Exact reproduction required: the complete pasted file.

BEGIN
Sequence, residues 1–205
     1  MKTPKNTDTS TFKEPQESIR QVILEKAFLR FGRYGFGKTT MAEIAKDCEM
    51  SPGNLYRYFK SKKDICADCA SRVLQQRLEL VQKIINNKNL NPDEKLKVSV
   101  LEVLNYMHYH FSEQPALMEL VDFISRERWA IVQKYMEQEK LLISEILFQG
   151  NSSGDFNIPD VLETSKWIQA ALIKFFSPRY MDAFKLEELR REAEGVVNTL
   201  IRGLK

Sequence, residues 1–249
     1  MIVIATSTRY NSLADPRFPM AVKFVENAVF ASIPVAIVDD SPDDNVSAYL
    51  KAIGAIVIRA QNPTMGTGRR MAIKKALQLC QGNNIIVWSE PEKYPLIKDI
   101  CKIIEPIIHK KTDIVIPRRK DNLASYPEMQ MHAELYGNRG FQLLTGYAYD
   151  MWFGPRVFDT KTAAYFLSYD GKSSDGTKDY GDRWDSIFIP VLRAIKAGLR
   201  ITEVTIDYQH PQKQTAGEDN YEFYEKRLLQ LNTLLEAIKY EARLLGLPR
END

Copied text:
Sequence, residues 1–205
     1  MKTPKNTDTS TFKEPQESIR QVILEKAFLR FGRYGFGKTT MAEIAKDCEM
    51  SPGNLYRYFK SKKDICADCA SRVLQQRLEL VQKIINNKNL NPDEKLKVSV
   101  LEVLNYMHYH FSEQPALMEL VDFISRERWA IVQKYMEQEK LLISEILFQG
   151  NSSGDFNIPD VLETSKWIQA ALIKFFSPRY MDAFKLEELR REAEGVVNTL
   201  IRGLK

Sequence, residues 1–249
     1  MIVIATSTRY NSLADPRFPM AVKFVENAVF ASIPVAIVDD SPDDNVSAYL
    51  KAIGAIVIRA QNPTMGTGRR MAIKKALQLC QGNNIIVWSE PEKYPLIKDI
   101  CKIIEPIIHK KTDIVIPRRK DNLASYPEMQ MHAELYGNRG FQLLTGYAYD
   151  MWFGPRVFDT KTAAYFLSYD GKSSDGTKDY GDRWDSIFIP VLRAIKAGLR
   201  ITEVTIDYQH PQKQTAGEDN YEFYEKRLLQ LNTLLEAIKY EARLLGLPR